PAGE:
If you’ve been following our blog, you know we spend a great deal of time focusing on getting our ASK app in more people’s hands. One way we have been doing this is by working with our colleagues in the Education department to use ASK as part of school group visits. We’ve also worked with several professors at Pratt Institute, who have brought their freshman art history classes here and used ASK as part of their time in the galleries. These initiatives have worked quite well, with both staff and participants feeling like they made the most out of their time with us. We started to wonder, however, how to expand this concept of using ASK in a group setting. And that’s when I had a fruitful conversation with Laval Bryant, our Group Tours Coordinator.
We don’t currently offer any special information or experience (printed guide or otherwise) for self-guided group tours. These are the booked groups who elect not to have a guided tour with one of the Museum’s guides. However, just because they may not want a tour with a person, doesn’t mean they don’t want a unique, even curated, experience. Laval wanted to know if ASK could somehow fill this gap in our offerings. As she explains, “groups arriving to the Brooklyn Museum often have limited time and are hoping to receive as much information on our collection as possible. We hope to fulfill the need of those who want the convenience of exploring the museum at their own pace combined with a certain amount of guidance on what to see. We want them leaving here feeling like the purpose of their visit was a great success.”
Jessica, Laval, and I set to work with the ASK team to try out this very concept. Could ASK be used for a self-guided tour? What is the “right” balance of guided and free-form experience? How many tour “stops” make sense? How much freedom do we give participants to shape their experience? We’ve run several tests of the concept with staff, and one very helpful test with colleagues, where we analyzed the artwork selection and number, content, format, and the map that will be given to each tour participant.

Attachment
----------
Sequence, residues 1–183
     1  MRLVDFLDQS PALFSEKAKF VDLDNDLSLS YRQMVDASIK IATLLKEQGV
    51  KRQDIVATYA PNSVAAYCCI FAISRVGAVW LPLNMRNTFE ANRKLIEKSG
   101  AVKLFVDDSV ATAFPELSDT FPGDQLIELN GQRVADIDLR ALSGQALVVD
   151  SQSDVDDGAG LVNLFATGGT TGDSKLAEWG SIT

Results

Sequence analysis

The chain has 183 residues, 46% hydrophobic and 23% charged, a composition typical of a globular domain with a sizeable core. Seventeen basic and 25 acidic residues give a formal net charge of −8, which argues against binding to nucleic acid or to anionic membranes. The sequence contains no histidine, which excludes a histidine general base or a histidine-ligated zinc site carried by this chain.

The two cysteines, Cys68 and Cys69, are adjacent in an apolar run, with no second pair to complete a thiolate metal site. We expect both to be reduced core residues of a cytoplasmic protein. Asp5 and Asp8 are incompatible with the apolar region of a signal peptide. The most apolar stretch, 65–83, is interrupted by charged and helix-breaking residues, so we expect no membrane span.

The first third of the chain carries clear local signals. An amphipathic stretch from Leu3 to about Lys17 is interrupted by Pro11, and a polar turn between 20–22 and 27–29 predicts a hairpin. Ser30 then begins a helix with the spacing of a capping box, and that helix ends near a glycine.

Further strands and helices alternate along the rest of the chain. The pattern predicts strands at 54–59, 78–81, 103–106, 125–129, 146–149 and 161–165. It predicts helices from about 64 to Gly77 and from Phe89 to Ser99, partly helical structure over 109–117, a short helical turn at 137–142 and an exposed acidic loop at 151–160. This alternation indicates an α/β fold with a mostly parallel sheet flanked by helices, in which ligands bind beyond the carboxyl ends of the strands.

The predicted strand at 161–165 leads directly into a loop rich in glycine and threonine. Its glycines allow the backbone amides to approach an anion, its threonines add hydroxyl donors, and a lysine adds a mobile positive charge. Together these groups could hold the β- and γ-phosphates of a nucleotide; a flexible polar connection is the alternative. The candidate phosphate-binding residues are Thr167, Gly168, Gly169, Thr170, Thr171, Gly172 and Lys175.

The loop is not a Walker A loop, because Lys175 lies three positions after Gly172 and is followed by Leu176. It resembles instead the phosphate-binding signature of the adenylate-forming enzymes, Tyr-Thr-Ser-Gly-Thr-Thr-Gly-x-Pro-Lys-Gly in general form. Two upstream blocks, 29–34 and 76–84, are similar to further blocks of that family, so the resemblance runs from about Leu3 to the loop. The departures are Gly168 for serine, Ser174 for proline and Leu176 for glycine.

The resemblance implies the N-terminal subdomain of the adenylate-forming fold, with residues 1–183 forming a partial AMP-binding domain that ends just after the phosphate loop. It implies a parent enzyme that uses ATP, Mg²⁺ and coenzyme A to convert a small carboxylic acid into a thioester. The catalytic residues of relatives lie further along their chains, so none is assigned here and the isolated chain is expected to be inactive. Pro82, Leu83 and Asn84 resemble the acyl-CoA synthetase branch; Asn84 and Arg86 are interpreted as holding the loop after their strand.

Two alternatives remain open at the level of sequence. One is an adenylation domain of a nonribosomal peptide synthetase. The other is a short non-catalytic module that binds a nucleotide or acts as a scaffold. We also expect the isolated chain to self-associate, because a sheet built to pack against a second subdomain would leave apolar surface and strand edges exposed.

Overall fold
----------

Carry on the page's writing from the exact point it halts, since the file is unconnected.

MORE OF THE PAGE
Striking the right balance between guided and free-form, finding the “right” number of stops, and clearly communicating the format of the tour have been challenging. Jessica will go into these nuances in our next post. However, I am delighted to say we’ll start offering this tour, Highlights + Hidden Gems, next week. We are asking the first few groups to stick around afterward to give us feedback so we can continue to improve the experience. And if this format really works, we may expand the concept to include other tour themes.
Sara Devine joined the Brooklyn Museum as Manager of Interpretive Materials in 2011 and is now Director of Visitor Experience & Engagement. A vocal visitor advocate, her expertise lies in crafting accessible and engaging visitor experiences and reaching audiences across platforms. She works with curators, designers, educators, technologists, and editors on all aspects of visitor experience and engagement. Sara is also a visiting assistant professor and curriculum coordinator at Pratt Institute’s School of Information for their graduate program in Museums and Digital Culture. She was previously Senior Content Developer and Project Manager at Hilferty, a museum planning and design firm in Ohio, where she developed comprehensive interpretive master plans and exhibitions for a wide variety of museums. She has also worked at Assistant Curator, Special Exhibition at Thomas Jefferson’s Monticello and as a Curatorial Assistant at the Smithsonian Museum of Natural History.